Dundee Play Rangers










They have fun their way and incidental learning goes along with it. If others join in with them, then that’s another step forward.


Aberlour Small






The kids love the bubble machine. The look of the bubbles, the way they feel to the touch, and catching them with different objects.













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By setting up a session in a special needs school, Play Rangers in Dundee are helping children with additional support needs get the best from play.

For kids who go to special schools the opportunities to join in with play outside are often limited.

As part of a project with Aberlour and Leisure and Culture Dundee in Dundee, the Play Rangers encouraged children to participate in play sessions operated specifically in the
special needs school in Dundee. With the aim of supporting children who lack the ability to play to start to enjoy, engage and play when on break or lunch at school.

Enabling the children to build their confidence through the enjoyment at their own speed.
Nikki Fildes, Service Manager at Aberlour says the play sessions have proved vitally important to children who have a wide range of additional support needs.

“They get bussed into school and home so they usually spend time travelling and that leaves little chance to then go out and play after school. And for those with a physical disability we often find their parents expect that parks and spaces to play won’t be accessible to them.”

Sessions give children a chance to play that have physical disabilities or who normally struggle with communication and social imagination.

Every week about twenty kids from ages 8 up to 15 attend the sessions for special schools and kids from mainstream schools getting additional support.

Play Rangers go to locations that offer sensory experiences and are completely accessible, including a big country park that has an accessible swing and roundabout as well as lots of open space.

Nikki said, “The kids love the bubble machine. The look of the bubbles, the way they feel to the touch, and catching them with different objects. They lie down and watch them float up to the sky. They also love playing with parachutes, tyres, hula hoops and balls in the sessions. One child had been learning about the parts of the body and he kept shouting ‘feet, feet!’ during a session. The ranger knew that meant he wanted the ball kicked to him.”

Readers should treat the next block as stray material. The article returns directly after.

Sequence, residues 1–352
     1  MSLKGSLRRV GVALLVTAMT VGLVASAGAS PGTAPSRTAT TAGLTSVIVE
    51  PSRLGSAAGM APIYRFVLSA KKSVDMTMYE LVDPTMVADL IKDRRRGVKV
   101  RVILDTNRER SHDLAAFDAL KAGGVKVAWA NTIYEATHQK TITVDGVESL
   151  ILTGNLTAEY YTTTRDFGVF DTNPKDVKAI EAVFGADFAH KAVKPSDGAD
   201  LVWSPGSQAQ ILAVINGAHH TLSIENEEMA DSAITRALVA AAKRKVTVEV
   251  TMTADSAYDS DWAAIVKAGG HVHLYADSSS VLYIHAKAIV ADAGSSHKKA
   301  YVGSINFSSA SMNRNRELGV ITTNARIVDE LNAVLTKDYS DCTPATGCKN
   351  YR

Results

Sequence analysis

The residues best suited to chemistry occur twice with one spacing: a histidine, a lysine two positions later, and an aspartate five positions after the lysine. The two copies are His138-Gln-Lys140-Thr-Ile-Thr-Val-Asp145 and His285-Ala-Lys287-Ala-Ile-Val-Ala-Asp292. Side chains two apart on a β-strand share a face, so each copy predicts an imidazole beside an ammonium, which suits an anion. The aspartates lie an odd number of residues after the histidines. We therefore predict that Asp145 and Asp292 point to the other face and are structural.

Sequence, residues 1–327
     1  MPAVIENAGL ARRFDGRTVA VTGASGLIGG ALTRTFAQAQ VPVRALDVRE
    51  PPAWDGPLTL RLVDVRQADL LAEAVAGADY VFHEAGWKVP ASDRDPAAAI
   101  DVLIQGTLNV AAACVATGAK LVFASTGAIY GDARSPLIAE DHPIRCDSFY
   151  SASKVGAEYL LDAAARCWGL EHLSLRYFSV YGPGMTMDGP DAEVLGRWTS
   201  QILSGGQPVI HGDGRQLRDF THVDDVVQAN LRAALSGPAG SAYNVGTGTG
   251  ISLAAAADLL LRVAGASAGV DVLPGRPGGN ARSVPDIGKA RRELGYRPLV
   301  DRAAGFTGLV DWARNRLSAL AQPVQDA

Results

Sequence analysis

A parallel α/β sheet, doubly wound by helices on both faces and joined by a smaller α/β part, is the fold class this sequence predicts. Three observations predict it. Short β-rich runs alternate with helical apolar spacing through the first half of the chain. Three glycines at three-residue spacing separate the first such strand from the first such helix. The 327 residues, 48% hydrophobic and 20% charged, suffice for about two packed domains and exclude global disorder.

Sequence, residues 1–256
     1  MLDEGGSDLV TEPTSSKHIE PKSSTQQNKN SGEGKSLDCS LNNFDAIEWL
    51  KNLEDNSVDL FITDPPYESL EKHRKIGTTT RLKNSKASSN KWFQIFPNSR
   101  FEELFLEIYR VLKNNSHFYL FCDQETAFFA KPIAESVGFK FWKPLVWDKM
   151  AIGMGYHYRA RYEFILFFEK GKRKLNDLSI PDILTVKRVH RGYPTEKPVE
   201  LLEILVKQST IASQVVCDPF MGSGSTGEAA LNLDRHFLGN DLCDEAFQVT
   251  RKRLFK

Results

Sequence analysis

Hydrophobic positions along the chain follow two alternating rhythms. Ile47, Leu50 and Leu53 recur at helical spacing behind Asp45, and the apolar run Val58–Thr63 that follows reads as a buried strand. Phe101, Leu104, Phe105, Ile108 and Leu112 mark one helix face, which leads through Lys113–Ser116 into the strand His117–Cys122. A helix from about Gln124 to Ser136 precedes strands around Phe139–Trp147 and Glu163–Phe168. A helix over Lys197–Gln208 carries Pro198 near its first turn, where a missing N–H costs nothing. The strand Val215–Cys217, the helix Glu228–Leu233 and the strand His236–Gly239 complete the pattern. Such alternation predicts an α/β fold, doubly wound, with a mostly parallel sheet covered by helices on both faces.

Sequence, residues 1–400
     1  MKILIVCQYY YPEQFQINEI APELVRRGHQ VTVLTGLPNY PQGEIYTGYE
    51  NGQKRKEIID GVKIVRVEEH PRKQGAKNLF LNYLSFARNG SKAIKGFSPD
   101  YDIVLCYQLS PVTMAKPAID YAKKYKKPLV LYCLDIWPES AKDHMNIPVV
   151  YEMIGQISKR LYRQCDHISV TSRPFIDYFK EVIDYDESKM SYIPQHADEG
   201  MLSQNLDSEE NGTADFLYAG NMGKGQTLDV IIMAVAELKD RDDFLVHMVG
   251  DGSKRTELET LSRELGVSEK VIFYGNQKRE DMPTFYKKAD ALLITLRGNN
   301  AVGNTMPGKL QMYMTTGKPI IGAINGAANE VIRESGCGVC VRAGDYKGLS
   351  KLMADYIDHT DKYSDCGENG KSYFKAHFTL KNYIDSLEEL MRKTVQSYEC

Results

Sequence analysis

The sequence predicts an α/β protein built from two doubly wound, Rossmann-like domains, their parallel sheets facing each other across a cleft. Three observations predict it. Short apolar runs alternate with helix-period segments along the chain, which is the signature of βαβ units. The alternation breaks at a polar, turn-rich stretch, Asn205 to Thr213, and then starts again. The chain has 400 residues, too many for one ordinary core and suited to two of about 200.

Teachers and parents have reported that they can see changes in the children. One girl who used to play alone and growl at other children now plays with others and is getting more confident in her interaction.

The oldest in the group who is on the autism spectrum and gets support in her mainstream school from the ASN base is now helping out as a volunteer.

Nikki said, “In her community she has experienced being perceived as mouthy or a troublemaker because she finds communication difficult.

“Her parents have even been contacted by antisocial behaviour teams. She is just a disabled child who struggles to fit in with her local community.”

The 15-year-old has been supported to volunteer and help the play rangers and she has shown progress in her interaction with others in the sessions.

Nikki said, “She is at a younger stage in development so she has really taken to interacting well with the younger kids. The sessions give her a chance to play and to be a child without fear of stigma.”

Play is hugely important for children with additional support needs and rangers look to the individual child to see what reflects their interests and needs.

Nikki said, “We have to remove some of the pressure to fit into boxes. Play is whatever that means to the child. Play for the girl who has autism can be very repetitive. She gets to demonstrate some skills in how to build guttering so she feels successful and that she has achieved something though she struggles with other more imaginative play.”

In a recent session one of the children summed up the biggest impact for them. Nikki said, “A child told us he was happy coming to the sessions because he could just be himself. We are not making them play football or any set activity. They have fun their way and incidental learning goes along with it. If others join in with them, then that’s another step forward.”